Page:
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What is a Cult?

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  • Written By: Mary McMahon
  • Edited By: Bronwyn Harris
  • Last Modified Date: 24 September 2016
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The term “cult” was originally employed to describe a group of people who worshiped a common deity. However, in the late twentieth century, the meaning of the word began to evolve. In the modern world, the word is usually used pejoratively, to refer to an extremist religious group which exists on the fringes of society. Concerns about these groups has led to negative associations with the idea of a cult, rather than positive or neutral ones. Examples of famous twentieth century cults include Aum Shinrikyo in Japan, Charles Manson's “Family,” and the Children of God.

The word comes from the Latin cultus, meaning “worship.” Many ancient religions continue to be referred to as cults, because this nomenclature was popular during the period in which these religions were practiced. Among Christians, however, the term began to be used to describe a religious group which had faulty theological doctrine. For many Christians, any group which rejected the teachings of Christianity could be called a cult. Over time, the word began to be used specifically to refer to marginal religious groups. Often, these groups placed heavy restrictions on their members, and appeared, at least from the outside, to be dangerous.

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Some cults, such as the Hare Krishnas, are generally believed to be harmless. Their followers ascribe to a specific set of beliefs and engage in practices which they believe to be sacred. However, other cults are unfortunately more sinister, for members of the cult or the outside world in general. A cult which falls into the latter category typically has a highly charismatic leader who demands unquestioning acceptance. In addition, members of the cult are often recruited through brainwashing techniques, and they are expected to maintain highly secretive lives. In some cases, this type of cult will be entirely residential, meaning that members of the cult all live and eat together, cut off from society.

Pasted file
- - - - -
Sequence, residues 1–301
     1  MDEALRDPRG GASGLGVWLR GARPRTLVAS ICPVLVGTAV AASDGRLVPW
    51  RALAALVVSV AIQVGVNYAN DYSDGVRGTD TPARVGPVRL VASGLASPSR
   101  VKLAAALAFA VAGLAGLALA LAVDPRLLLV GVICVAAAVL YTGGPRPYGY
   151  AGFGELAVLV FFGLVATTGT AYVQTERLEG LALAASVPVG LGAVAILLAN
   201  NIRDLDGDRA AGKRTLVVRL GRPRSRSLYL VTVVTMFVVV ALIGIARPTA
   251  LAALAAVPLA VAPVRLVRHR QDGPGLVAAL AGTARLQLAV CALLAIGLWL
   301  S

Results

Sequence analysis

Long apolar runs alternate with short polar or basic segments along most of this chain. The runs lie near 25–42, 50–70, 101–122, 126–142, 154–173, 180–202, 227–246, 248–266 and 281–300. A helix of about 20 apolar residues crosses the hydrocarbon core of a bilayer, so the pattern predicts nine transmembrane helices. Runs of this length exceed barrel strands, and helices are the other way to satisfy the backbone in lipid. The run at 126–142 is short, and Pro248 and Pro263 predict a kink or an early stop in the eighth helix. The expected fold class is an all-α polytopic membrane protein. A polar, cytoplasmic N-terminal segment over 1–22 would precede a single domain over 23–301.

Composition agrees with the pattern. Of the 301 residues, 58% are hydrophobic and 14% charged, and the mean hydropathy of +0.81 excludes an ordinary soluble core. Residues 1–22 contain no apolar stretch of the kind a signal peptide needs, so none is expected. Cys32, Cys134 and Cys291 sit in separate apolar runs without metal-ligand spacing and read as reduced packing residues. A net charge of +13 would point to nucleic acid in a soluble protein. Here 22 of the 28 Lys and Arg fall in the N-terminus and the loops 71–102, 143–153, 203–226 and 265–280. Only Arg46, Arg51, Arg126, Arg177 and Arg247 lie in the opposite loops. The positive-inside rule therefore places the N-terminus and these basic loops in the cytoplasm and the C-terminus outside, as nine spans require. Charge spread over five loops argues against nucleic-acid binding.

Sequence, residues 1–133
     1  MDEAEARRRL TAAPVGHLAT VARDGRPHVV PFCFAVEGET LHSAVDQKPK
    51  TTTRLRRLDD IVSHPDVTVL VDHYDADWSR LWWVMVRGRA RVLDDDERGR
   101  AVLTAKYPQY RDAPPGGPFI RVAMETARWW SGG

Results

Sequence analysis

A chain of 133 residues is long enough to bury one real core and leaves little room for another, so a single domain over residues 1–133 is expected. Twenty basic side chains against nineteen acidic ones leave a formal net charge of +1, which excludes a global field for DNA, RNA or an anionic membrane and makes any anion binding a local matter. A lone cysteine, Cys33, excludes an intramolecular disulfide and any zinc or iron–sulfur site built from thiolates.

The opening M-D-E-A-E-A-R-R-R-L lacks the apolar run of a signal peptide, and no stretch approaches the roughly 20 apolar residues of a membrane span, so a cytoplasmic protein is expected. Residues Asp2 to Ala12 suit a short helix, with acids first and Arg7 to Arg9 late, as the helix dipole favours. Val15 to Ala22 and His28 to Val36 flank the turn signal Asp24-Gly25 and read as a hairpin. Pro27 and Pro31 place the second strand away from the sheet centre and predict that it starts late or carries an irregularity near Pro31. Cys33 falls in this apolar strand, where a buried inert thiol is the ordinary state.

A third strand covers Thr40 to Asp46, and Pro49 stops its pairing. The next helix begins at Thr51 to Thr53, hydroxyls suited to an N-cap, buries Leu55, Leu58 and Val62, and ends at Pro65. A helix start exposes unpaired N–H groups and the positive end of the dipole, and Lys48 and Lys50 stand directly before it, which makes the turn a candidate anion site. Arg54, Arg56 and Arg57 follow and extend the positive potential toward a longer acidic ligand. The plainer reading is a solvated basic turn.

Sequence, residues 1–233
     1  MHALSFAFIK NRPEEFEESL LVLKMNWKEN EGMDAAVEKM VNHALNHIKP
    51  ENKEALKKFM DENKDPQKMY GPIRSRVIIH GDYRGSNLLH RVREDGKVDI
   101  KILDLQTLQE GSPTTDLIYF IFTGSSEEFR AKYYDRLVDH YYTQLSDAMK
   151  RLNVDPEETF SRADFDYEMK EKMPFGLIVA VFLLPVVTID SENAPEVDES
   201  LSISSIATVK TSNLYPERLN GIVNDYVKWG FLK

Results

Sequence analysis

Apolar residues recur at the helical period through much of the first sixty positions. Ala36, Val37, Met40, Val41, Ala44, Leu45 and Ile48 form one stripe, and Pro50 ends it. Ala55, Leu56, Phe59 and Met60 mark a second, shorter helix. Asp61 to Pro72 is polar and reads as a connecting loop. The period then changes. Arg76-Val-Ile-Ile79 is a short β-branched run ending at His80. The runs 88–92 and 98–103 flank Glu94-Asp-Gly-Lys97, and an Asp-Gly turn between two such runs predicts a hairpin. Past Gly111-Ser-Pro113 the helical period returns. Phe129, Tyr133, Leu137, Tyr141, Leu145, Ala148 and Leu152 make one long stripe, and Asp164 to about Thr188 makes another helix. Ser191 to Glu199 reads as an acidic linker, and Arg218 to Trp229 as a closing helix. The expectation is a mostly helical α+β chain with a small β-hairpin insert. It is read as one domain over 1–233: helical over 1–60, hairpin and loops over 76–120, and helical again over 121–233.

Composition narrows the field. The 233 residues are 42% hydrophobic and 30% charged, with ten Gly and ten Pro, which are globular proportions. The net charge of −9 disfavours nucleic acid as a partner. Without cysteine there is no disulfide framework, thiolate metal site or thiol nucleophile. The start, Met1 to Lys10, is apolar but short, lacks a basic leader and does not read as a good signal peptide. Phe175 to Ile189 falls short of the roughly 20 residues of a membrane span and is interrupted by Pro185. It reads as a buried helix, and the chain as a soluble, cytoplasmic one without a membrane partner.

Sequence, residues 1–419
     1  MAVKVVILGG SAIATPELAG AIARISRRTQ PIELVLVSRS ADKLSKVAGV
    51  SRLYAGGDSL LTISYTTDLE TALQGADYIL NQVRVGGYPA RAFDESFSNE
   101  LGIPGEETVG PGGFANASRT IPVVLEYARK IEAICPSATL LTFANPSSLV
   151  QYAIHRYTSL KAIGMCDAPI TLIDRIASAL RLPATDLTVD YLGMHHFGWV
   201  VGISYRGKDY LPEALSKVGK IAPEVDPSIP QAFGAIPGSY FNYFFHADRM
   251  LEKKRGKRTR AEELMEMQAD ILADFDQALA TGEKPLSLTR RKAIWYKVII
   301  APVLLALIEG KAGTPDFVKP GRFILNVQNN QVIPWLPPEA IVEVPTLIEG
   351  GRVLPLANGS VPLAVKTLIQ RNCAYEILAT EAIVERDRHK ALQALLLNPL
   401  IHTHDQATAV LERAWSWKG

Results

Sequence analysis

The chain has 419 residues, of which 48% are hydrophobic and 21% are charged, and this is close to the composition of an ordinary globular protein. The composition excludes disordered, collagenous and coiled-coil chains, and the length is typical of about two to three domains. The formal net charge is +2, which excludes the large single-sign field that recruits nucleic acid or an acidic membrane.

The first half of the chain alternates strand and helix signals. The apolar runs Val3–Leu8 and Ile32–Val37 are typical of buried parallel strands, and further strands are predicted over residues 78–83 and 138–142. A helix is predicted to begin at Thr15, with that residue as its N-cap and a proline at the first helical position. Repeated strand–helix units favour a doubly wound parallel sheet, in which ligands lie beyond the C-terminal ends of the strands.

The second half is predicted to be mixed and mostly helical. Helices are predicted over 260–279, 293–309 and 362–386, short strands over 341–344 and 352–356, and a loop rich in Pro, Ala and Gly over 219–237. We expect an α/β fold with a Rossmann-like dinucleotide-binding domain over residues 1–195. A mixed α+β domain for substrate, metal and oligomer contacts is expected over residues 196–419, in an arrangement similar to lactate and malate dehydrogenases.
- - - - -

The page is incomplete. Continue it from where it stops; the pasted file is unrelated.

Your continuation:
Extremist cult movements have been behind acts of terrorism worldwide, such as the 1995 Tokyo Gas Attack. In addition, mass suicides, such as that committed by the People's Temple at Jonestown, have also been linked with cult activity. Many anti-cult activists are concerned that members of a cult may not be making their decisions independently, because they feel pressure from the cult as a group. For this reason, several organizations exist around the world to “deprogram” people who have been in cults. These groups will also help family members extricate loved ones from potentially dangerous situations, and they work to educate people about the potential danger of cult activity.

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DinoLeash
Post 3

If someone is lucky enough to be able to get out of a cult, there are usually many psychological issues to deal with afterwards. They literally have to go through a rehabilitation period. They have to learn how to take back control of their minds.

The individual may experience a wide variety of symptoms from withdrawal. These symptoms can include: delusions, insomnia, amnesia, hallucinations, guilt, fear of the group, emotional outbursts, and sexual or menstrual dysfunctions.

GardenTurtle
Post 2

@dill1971: Anyone is at risk of being coerced into a cult. They can be considered victims once they have joined a cult. There was a study done to look at what kinds of people were more prone to join cults and the results were very interesting.

The most likely recruits will be from an economically sound background, have above average intelligence, and is idealistic. It has been said that most cults can recruit and control an individual in as little as 3 to 4 days. However, leaving the cult is not nearly as easy as joining it.

dill1971
Post 1

Are certain people more at risk of being affiliated with a cult than others?

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